Austin B. Williams, 80, a zoologist and leading authority on the classification of eastern American decapod crustaceans, died of cancer Oct. 27 at his home in Falls Church.
Since 1971, Dr. Williams had been a research scientist with the systematics laboratory of the National Oceanographic and Atmospheric Administration's National Marine Fisheries Service, with offices at the Smithsonian Institution's National Museum of Natural History.
He was the author of more than 115 scientific publications, including a 1984 monograph, "Shrimps, Lobsters and Crabs of the Atlantic Coast of the Eastern United States," which was published by the Smithsonian Institution in 1984.
A 1965 study of the decapods of the Carolinas received a Science Citation Classic honor in 1983. He also was co-author of a book, "Lobsters of the World -- an Illustrated Guide."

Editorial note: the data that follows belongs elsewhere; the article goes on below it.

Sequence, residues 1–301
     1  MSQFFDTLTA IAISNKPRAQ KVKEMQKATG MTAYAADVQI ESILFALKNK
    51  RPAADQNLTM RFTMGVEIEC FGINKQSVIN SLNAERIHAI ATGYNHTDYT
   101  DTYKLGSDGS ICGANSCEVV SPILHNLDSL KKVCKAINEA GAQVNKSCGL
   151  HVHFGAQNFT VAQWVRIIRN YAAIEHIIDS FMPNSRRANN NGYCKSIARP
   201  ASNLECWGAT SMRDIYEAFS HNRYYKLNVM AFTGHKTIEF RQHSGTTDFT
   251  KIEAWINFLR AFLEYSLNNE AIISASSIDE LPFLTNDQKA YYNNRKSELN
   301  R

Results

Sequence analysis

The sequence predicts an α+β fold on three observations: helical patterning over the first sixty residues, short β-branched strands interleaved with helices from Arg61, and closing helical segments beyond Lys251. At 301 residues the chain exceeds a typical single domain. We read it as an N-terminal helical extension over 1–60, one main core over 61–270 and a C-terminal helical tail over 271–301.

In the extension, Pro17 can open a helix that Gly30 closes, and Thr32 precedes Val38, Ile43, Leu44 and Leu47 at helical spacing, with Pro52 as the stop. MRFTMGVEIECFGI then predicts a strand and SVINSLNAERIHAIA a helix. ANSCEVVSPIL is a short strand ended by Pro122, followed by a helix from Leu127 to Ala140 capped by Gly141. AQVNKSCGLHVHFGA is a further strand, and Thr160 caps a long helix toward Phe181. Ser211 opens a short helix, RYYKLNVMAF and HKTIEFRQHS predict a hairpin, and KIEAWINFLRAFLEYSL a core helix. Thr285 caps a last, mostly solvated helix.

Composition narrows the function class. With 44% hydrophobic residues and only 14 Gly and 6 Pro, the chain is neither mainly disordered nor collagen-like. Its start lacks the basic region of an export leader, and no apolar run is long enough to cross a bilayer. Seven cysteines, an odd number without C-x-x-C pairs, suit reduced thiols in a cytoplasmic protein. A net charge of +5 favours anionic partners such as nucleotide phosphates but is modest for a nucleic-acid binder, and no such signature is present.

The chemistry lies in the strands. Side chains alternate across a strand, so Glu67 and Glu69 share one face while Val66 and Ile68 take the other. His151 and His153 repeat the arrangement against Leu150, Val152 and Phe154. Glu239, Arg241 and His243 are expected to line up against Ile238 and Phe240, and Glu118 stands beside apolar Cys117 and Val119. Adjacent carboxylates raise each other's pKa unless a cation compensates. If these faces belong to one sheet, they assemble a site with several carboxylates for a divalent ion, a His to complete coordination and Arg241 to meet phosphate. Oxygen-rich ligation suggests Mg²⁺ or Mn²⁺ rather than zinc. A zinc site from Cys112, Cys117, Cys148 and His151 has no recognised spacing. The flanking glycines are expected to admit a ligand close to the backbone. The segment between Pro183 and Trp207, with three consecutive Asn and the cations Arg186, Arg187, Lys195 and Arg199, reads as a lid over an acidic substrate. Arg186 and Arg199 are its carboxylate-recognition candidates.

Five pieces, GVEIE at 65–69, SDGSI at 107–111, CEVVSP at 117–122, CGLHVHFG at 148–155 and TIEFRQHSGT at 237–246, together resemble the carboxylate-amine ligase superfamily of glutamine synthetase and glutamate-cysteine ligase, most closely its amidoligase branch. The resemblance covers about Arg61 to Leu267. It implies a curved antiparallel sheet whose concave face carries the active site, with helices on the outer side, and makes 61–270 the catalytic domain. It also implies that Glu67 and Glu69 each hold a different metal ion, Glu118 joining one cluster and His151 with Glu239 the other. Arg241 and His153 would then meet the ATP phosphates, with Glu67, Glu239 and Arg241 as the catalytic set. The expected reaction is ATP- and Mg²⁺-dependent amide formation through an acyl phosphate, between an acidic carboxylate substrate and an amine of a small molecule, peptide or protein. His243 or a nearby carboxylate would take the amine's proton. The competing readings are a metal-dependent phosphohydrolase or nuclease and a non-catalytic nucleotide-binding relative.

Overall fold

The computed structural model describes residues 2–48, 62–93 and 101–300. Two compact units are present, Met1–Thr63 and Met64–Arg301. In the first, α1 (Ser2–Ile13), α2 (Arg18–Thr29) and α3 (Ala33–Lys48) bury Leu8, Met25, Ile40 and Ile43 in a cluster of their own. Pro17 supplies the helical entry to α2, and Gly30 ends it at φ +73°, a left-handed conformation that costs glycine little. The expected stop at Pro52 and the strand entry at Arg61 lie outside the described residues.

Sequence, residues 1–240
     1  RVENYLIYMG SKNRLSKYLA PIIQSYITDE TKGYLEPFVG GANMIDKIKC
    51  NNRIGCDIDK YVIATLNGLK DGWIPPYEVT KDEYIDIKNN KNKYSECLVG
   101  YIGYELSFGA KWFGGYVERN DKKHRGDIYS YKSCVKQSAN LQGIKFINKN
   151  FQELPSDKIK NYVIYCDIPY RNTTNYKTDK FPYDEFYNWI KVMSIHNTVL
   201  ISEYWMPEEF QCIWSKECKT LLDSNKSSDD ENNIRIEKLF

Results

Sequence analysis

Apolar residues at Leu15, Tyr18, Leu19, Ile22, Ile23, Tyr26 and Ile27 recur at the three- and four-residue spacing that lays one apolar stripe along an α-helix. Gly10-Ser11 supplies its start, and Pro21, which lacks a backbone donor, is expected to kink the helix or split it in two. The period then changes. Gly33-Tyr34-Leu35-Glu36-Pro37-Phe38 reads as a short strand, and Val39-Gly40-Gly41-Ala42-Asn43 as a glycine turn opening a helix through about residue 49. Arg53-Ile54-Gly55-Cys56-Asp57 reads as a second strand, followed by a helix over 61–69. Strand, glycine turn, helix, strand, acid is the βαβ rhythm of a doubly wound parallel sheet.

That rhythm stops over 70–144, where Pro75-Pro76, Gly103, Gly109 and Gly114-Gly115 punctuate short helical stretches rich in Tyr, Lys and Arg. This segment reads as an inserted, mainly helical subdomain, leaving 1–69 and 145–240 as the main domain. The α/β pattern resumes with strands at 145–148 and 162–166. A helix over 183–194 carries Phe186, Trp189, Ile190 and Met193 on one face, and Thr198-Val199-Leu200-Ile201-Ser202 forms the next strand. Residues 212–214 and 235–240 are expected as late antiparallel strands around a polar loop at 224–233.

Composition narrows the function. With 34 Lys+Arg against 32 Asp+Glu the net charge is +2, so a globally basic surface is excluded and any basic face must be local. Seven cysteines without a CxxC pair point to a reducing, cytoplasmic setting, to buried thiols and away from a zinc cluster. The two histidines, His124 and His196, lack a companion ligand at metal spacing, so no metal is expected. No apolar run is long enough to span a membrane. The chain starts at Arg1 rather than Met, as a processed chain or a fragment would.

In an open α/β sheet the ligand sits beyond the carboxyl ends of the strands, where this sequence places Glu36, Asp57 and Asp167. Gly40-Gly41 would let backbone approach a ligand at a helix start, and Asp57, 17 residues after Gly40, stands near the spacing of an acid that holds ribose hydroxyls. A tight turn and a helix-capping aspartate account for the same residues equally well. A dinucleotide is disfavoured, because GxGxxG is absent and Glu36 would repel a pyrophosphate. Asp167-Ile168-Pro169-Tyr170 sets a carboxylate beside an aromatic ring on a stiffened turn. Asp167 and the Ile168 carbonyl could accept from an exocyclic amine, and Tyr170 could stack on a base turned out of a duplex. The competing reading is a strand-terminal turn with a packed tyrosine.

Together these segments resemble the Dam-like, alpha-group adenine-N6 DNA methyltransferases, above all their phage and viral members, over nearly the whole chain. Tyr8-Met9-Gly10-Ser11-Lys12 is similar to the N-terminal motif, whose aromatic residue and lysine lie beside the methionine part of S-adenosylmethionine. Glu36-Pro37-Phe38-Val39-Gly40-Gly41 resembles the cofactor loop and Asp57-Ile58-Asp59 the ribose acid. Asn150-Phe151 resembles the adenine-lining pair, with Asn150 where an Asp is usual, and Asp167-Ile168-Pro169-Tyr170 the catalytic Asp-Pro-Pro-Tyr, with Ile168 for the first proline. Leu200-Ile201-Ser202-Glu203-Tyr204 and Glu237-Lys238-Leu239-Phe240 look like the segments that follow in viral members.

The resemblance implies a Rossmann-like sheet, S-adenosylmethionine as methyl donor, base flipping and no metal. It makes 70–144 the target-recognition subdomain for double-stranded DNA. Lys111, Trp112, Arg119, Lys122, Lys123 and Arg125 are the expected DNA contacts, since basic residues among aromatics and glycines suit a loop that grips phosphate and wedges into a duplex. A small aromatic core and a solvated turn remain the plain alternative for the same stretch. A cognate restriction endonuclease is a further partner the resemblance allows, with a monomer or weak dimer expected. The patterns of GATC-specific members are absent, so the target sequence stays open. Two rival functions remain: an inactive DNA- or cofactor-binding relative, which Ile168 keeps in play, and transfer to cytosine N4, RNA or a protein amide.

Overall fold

Dr. Williams was born in Plattsburg, Mo. He graduated from McPherson College. He received a doctorate in zoology from the University of Kansas, where he studied Ozark crayfish.
From 1951 to 1955, he was on the staff of the University of North Carolina's Institute of Fisheries Research, studying the history and ecology of penaeid shrimps. From 1956 to 1963, he was at the University of Illinois, then returned to the University of North Carolina, where he continued his study of marine and estuarine decapods.
In 1997, Dr. Williams received the Excellence in Research Award of the Crustacean Society. He was the society's associate editor from 1986 to 1991. He was co-founder and president of the Estuarine Research Federation and president of the Atlantic Estuarine Research Society, the Biological Society of Washington and the American Association for Zoological Nomenclature.
His wife, Jean McNicol Williams, died 1982.
Survivors include a son, David McNicol Williams of Beaufort, N.C., and two grandchildren.